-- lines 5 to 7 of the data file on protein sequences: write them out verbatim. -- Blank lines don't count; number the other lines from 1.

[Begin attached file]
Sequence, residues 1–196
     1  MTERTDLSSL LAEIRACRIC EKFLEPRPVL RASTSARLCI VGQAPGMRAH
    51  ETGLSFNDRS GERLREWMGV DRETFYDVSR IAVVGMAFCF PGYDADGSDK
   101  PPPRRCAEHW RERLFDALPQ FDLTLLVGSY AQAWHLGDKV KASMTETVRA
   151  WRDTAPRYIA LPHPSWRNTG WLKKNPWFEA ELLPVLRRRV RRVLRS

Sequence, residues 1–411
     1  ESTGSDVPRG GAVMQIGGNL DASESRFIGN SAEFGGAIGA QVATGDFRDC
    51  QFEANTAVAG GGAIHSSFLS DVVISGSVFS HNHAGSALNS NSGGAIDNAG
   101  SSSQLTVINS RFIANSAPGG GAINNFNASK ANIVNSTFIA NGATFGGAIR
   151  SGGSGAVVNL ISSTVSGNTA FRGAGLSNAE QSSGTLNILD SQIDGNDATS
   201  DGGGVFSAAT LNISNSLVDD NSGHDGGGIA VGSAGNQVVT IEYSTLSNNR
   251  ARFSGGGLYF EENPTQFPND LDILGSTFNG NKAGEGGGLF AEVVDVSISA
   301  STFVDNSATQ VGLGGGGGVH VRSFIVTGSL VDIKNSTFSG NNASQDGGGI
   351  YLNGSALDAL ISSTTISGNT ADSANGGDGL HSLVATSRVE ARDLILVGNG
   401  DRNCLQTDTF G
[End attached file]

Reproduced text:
   151  WRDTAPRYIA LPHPSWRNTG WLKKNPWFEA ELLPVLRRRV RRVLRS

Sequence, residues 1–411
     1  ESTGSDVPRG GAVMQIGGNL DASESRFIGN SAEFGGAIGA QVATGDFRDC